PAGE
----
Ishii-Jordan said that invisibility comes from two primary sources. The first is Nebraska’s education system, which doesn’t require that students learn about Japanese immigration, incarceration camps and Alien Land Laws that restricted Japanese immigrants from obtaining citizenship or from purchasing and owning land.
The second reason, Ishii-Jordan said, is that many from the previous generation have a desire to move past the discrimination and unfair treatment they faced.
“There was a sense that they just wanted to live their lives,” Ishii-Jordan said. “There’s an old Japanese story that says, ‘The peg that stands out is the one that gets hammered.’ So, it’s kind of just, ‘Keep my head down, do my work.’”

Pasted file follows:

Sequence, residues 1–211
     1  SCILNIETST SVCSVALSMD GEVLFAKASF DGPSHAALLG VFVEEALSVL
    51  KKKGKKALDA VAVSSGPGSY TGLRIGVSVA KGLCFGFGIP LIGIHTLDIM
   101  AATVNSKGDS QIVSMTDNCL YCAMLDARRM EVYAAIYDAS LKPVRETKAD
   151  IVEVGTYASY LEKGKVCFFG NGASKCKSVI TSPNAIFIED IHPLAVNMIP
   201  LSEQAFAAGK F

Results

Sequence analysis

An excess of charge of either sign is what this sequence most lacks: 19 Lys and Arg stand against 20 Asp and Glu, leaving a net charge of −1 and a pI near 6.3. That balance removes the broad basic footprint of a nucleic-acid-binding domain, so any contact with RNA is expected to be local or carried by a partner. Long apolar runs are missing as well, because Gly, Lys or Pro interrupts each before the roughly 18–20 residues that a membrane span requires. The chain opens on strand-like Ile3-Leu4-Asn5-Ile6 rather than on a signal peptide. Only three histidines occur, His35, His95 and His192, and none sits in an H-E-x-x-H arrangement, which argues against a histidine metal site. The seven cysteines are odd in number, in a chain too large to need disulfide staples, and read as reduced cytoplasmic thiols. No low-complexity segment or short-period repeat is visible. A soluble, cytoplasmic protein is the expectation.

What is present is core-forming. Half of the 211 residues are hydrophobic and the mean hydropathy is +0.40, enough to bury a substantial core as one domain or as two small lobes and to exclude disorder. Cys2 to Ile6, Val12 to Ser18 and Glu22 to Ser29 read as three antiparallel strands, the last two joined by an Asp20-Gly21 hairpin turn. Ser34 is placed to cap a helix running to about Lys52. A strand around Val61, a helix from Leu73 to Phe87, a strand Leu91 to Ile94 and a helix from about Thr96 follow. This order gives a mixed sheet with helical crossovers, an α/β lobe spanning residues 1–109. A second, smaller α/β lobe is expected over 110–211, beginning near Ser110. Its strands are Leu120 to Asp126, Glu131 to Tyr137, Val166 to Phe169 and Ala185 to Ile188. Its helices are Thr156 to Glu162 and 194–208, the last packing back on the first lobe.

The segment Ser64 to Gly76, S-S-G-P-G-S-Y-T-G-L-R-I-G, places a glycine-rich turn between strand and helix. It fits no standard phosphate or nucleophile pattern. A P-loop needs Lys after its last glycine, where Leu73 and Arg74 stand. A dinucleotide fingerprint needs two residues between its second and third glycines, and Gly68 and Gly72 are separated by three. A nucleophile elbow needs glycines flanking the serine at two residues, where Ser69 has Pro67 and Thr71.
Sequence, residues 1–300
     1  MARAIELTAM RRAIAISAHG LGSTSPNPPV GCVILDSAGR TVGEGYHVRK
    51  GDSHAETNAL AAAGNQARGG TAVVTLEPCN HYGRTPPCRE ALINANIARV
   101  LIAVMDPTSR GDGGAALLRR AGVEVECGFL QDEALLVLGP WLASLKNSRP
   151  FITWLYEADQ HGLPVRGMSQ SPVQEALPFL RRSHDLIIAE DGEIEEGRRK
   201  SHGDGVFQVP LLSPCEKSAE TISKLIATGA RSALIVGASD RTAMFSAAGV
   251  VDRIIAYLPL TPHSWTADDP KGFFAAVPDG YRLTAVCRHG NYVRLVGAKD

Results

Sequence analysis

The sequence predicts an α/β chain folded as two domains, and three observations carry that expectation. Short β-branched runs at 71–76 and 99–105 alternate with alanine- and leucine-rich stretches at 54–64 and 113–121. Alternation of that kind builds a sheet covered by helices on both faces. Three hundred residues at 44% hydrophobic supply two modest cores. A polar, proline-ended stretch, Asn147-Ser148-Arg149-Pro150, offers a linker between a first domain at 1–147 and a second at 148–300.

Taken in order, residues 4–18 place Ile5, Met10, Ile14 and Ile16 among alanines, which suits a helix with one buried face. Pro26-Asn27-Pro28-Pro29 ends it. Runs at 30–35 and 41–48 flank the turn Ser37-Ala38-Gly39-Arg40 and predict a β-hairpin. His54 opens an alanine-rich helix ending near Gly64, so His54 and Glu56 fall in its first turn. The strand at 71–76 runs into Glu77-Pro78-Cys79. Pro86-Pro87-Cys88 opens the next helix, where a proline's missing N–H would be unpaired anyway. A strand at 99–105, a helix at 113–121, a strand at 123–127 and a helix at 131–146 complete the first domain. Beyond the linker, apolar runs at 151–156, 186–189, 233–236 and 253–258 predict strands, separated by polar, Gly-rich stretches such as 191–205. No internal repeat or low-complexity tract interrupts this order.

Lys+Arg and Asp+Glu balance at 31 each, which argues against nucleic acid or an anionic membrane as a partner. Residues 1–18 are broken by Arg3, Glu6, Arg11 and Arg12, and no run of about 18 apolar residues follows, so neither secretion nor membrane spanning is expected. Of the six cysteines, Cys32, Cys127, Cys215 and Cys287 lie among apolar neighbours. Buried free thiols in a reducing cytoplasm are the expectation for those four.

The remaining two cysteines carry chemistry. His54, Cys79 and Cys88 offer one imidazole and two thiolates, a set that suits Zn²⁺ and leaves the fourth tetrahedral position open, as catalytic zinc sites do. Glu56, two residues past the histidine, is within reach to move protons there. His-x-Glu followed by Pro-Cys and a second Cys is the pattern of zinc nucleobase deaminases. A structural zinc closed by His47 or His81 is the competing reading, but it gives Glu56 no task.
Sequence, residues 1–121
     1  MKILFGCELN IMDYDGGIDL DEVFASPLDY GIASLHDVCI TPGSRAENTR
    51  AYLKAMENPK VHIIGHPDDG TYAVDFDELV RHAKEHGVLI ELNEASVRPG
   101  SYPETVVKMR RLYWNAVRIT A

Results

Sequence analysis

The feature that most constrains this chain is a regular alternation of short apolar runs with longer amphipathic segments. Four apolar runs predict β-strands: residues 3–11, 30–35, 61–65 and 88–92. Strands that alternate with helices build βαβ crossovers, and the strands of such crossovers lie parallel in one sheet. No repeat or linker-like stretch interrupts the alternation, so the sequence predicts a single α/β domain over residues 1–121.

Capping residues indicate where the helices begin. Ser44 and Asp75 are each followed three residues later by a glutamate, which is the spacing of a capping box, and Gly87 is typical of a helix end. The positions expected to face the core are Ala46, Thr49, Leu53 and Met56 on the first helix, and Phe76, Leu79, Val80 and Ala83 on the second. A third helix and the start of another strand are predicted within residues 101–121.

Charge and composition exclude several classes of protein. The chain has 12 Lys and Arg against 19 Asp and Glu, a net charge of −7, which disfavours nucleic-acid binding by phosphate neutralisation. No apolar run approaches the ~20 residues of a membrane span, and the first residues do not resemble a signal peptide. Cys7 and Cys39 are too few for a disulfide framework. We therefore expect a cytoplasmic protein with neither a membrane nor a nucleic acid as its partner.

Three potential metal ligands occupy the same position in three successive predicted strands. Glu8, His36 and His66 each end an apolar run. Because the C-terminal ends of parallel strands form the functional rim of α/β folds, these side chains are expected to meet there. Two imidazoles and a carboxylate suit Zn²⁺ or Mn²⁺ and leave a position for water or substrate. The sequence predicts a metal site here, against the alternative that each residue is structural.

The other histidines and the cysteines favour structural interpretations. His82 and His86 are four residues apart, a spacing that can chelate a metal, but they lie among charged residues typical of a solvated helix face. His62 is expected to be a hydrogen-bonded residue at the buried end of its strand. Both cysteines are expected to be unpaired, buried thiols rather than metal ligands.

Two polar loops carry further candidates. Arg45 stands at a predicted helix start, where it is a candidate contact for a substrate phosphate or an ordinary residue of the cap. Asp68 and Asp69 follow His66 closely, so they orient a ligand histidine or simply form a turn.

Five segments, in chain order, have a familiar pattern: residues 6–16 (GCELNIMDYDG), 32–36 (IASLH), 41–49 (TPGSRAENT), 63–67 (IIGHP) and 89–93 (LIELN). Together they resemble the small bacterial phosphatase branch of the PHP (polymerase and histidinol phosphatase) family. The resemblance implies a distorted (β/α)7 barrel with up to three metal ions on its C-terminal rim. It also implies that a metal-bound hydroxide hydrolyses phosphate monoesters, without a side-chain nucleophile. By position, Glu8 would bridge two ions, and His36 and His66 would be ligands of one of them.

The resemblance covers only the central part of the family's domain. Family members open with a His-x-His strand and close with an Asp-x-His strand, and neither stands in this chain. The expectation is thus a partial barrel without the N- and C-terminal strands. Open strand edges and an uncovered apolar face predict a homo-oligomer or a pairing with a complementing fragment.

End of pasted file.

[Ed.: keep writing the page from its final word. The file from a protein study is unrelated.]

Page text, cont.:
Ishii-Jordan said that the Civil Liberties Act of 1988, signed by President Ronald Reagan, has played a large role in bringing the discrimination Japanese immigrants have faced at the hands of the American government back into the conversation. The act gave surviving Japanese-Americans reparations and a formal apology for their incarceration during World War II.
It’s estimated that as many as 120,000 Japanese immigrants, primarily in West Coast states like California, Washington and Oregon, were placed in Incarceration camps after 1942. Many were second-generation Japanese, referred to as the nisei, and were citizens born in the United States. Among them were Ishii-Jordan’s mother and her family, who were sent to Tule Lake, an incarceration camp in their home state of California.
After a year at Tule Lake, the family was relocated to a camp in Topaz, Utah, for another year. After the camps began to release the Japanese-American prisoners, the War Relocation Act relocated the family to Omaha, where the Ishii’s had familial connections.